Beijing hit back vehemently at every point raised by the ILO and strongly defended its labor policies. Dismissing evidence based on the Xinjiang Victims Database as a “tool used by anti-China forces to attack China by smearing Xinjiang,” China’s Foreign Ministry Spokesman Wang Wenbin addressing a press conference on February 14, 2022, reiterated his government’s firm stance on protecting the rights and interests of laborers. “We protect the right to equal employment, the right to equal participation in economic and social life, and equal access to development outcomes of laborers of all ethnic groups,” he said. Unhappy that his own response to the ILO findings was not accepted, he reaffirmed China’s egalitarian treatment of ethnic minorities in Xinjiang.

Notwithstanding Beijing’s denials, the ILO committee voiced its alarm at the illegal detention of large numbers of Uyghurs held incommunicado for long periods under the pretext of countering religious extremism, and their mass disproportionate surveillance. Confiscation of passports of all residents of Xinjiang was deeply concerning as was reluctance to allow Uyghurs to leave the country.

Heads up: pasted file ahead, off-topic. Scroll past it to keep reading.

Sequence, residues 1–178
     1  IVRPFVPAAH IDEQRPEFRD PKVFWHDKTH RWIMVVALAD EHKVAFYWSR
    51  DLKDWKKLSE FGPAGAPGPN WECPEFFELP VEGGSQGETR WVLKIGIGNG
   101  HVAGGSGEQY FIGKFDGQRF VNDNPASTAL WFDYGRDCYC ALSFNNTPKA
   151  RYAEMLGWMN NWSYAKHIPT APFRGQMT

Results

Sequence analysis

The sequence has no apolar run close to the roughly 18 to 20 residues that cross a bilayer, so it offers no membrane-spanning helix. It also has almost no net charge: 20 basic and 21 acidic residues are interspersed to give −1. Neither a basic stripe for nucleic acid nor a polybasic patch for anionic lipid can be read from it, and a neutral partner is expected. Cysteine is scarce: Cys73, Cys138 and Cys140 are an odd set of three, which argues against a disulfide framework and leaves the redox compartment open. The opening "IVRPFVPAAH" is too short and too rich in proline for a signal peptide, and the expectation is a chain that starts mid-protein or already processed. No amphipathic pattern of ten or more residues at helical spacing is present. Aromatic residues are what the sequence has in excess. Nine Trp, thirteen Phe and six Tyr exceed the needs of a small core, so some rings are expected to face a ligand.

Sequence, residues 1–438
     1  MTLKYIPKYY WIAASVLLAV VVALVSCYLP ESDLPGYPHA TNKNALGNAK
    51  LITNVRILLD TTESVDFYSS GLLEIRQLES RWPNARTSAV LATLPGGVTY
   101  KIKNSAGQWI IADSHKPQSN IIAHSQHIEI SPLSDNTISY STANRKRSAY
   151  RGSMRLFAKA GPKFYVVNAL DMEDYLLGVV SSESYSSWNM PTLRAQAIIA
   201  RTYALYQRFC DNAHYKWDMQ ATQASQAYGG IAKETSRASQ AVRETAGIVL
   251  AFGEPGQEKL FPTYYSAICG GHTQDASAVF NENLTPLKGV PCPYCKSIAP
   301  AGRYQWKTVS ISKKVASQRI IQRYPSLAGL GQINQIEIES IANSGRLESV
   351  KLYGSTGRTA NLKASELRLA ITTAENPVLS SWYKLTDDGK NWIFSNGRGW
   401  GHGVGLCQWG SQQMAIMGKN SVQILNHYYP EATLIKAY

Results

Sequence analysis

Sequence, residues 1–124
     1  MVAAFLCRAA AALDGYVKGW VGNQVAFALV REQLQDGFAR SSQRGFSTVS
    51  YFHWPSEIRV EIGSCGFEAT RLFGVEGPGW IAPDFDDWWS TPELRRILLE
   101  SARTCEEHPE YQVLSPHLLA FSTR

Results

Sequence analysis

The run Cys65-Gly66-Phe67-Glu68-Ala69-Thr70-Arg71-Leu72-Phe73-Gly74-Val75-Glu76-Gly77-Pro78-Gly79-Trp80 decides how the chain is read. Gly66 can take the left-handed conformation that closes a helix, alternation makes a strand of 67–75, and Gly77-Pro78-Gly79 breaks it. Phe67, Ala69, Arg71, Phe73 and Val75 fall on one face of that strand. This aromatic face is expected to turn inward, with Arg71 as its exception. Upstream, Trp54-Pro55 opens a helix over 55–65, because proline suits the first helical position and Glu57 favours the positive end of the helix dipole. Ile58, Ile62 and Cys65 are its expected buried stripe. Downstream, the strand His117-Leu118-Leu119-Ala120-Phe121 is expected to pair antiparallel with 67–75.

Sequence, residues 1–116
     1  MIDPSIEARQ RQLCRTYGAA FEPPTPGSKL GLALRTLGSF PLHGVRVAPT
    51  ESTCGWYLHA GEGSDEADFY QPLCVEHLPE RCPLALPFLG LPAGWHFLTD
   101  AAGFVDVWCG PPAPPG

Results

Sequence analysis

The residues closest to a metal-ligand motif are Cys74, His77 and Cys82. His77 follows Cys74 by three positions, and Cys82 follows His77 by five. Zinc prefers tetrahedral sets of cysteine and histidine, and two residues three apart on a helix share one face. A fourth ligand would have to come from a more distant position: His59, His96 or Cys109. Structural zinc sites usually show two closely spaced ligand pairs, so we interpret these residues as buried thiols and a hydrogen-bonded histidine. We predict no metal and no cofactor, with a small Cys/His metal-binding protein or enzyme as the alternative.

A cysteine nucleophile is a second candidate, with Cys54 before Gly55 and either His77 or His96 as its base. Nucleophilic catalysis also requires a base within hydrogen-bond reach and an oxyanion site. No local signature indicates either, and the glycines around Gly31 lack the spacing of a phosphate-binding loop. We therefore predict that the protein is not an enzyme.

The ILO took exception to Beijing’s methods and the denial of the basic rights of Turkic people to choose their own employment and to express their own religion freely. Alarmed at terrorist profiling based on an individual’s ethnicity, national origin and religion and the resultant discrimination in employment and forced labor practices, it urged an immediate review of current policies.

The ILO called for de-radicalization programs imposed on companies and discrimination based on race, ethnicity, religion and political affiliation to cease; for more transparency over the kind of vocational guidance and training offered to detainees and to prove that China had replaced the current extra-legal custodial options with legitimate courses and genuine equality of opportunity, whether Uyghurs wanted to work in Xinjiang or further afield.

The World Uyghur Congress hailed the report as timely and vital in highlighting the labor abuses in Xinjiang. Britain’s ambassador in Geneva, Simon Manley decried the far-reaching human rights violations in Xinjiang. He welcomed the report in an interview with Associated Press, saying, “it adds to the growing number of voices expressing deep concern about the situation in Xinjiang.”